Read our posts about creativity

Expressive Writing for Mental Wellbeing

Expressive Writing for Mental Wellbeing

Expressive writing , sometimes called written emotional disclosure, is a fancy term for such a simple act: expressing oneself through writing. Most of us have done it at one point in our lives through keeping a journal or a diary. But of course, with modern age, it is now being done with a keyboard. To some extent, keeping a personal blog can be considered as a form of expressive writing. Tracing the roots of expressive writing Expressive writing is a therapy introduced by Pennebaker and Beall in the late 1980s. Their pioneering work (Pennebaker & Beall, 1986)...
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Craftivist Collective: Craft for Wellbeing

Craftivist Collective: Craft for Wellbeing

As the name suggests, Craftivist Collective, founded in 2009, is a movement which seeks to combine craft and activism. Their aim is to provoke awareness and discussion of issues surrounding local and global poverty and injustice. The World Health Organisation includes “contributing to society” as one of their paths to wellbeing. This was the focus of the most recent Craftivist exhibition, which was held in Aldgate East in London. The project, titled #wellMAKING, was the culmination of more than 50 ‘stitch-ins’ held across the nation. It’s goal was to...
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Writing Music to Overcome Depression

Writing Music to Overcome Depression

One afternoon I had a moment of clarity and wrote all of the words, in one prolific sitting, to a song for my Dad. He moved to America when I was four and I dragged a heavy anchor of anger and disappointment behind me most of my life as a result. I describe in the piano ballad how I was confused and missed him as a child, felt that he didn't know me as a teenager, as an adult I needed him and finally in the present day, I forgave him. Along with a very long letter, I sent this song, which I called ’The Gift’, to my Dad in the mail. It was the closure that I...
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Culture Tip: PJ Harvey's 'Recording in Progress'

Culture Tip: PJ Harvey's 'Recording in Progress'

PJ Harvey’s collaboration with Artangel and Somerset House, Recording in Progress, is an extraordinary insight not just into the recording of music but the making of it too. It is probably one of the most absorbing cultural experiences in London right now. An ‘architectural installation’ by Something & Son with one-way glazing allows groups of up to 45 people a 45 minute session watching PJ Harvey, her musicians, engineers and producers record her ninth album. The slight figure of Harvey stands beneath a bespoke coat of arms engrossed in her work. Her...
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What is Music Therapy?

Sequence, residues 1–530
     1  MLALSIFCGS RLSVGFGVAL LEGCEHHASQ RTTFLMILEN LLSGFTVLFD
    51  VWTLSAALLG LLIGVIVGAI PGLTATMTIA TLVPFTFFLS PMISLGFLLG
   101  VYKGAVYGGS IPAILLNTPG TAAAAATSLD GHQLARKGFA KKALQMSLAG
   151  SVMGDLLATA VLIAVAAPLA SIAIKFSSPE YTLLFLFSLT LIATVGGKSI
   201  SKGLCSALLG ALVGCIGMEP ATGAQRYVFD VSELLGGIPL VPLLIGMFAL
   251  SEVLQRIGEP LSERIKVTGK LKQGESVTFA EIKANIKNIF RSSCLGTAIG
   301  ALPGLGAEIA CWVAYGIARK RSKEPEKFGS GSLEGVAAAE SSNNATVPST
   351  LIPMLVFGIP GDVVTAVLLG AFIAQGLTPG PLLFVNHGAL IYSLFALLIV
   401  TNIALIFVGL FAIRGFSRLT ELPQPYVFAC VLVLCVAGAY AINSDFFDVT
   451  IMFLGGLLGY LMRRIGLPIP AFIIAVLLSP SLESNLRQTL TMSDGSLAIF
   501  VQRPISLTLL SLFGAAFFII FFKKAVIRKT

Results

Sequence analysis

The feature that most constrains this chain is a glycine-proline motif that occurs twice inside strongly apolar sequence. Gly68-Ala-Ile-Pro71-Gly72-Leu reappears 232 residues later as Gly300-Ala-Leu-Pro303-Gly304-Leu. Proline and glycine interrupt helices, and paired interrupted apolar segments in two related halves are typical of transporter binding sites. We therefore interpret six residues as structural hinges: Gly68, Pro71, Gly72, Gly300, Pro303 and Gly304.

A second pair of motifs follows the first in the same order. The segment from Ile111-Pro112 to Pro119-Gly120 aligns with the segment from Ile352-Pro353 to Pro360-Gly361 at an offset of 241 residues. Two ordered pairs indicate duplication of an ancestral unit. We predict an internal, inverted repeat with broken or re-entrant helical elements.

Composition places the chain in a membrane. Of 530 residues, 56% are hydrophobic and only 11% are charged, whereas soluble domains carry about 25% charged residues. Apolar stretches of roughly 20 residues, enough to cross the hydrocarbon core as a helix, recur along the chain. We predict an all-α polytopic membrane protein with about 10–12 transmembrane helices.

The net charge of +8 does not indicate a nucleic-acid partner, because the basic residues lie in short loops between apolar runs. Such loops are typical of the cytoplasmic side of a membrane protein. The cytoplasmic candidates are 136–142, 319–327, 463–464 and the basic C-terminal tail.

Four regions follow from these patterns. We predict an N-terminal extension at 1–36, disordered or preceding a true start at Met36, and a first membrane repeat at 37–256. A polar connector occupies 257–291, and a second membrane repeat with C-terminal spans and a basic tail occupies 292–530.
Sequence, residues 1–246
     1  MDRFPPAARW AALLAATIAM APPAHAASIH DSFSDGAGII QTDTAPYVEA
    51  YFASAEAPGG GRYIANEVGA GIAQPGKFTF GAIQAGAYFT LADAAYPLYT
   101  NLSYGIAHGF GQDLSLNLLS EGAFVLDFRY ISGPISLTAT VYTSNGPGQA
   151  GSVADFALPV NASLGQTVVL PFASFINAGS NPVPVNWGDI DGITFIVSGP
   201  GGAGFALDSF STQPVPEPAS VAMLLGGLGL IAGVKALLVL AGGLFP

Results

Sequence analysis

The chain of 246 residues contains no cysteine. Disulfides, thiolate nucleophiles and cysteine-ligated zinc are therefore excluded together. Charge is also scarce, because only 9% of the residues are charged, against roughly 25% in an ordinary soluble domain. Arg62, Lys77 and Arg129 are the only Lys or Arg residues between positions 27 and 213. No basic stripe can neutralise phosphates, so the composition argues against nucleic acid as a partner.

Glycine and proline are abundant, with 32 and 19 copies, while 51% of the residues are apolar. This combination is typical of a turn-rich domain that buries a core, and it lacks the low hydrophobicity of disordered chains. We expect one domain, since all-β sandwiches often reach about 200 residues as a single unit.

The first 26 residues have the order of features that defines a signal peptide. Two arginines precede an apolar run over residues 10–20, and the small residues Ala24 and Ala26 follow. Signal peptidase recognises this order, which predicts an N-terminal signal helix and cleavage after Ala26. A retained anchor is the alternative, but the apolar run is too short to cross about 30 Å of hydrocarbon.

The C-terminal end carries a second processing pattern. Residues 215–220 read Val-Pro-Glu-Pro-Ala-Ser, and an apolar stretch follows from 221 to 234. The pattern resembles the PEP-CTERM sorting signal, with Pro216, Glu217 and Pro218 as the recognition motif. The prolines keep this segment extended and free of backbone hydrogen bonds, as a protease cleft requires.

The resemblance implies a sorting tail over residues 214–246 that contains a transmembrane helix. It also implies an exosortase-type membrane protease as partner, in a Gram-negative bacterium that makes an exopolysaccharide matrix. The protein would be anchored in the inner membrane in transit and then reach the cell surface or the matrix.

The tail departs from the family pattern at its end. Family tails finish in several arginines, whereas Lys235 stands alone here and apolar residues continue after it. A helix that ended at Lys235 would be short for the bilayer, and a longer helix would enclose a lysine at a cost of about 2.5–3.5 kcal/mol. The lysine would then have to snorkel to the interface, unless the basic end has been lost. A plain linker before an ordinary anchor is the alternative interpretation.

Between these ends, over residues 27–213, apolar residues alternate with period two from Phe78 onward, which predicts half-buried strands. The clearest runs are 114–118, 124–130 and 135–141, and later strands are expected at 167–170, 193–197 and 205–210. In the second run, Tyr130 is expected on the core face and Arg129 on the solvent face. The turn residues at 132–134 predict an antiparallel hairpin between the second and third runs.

What is Music Therapy?

What is music therapy? Depending on many things, including my energy levels and perception of the openness of the questioner, this question can elicit from me a breadth of reactions. It's the one most often posed to me, since my decision to train as a music therapist five years ago. It's one for which the answer has since mutated into many fluid variations and continues to be re-defined for me. To a stranger, I will answer, “using music to help others”. To an interested colleague however, the answer is more complex, as music therapy is not one unified...
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Culture Tip: Grayson Perry's Who Are You?

Culture Tip: Grayson Perry's Who Are You?

The Turner Prize-winning artist Grayson Perry talking recently about Who Are You?, his display of new works at the National Portrait Gallery in London, commented that, “identity is one of those words that gets used a lot particularly in political terms and it always seems a slippery term to me”. In this diverse collection of 14 portraits shown in the Gallery’s nineteenth and twentieth century rooms Perry uses his fierce intelligence and particularly winning aesthetic to try to pin that term down. The works have all been made in response to meeting...
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How Creativity Can Help With Grieving

How Creativity Can Help With Grieving

Alesha sought help through therapy after her father died.  Her mother had died some years before, around the time Alesha had her two children, and she found that the death of her father was unexpectedly complicated by grief for her mother. The grieving process can be seen as a balance between grieving and coping, and coping had taken precedence.As an only child it fell to Alesha to sort out her parents’ belongings.  Although she had managed to dispose of furniture and other objects quite successfully, she had packed up over twenty boxes of other belongings, which she...
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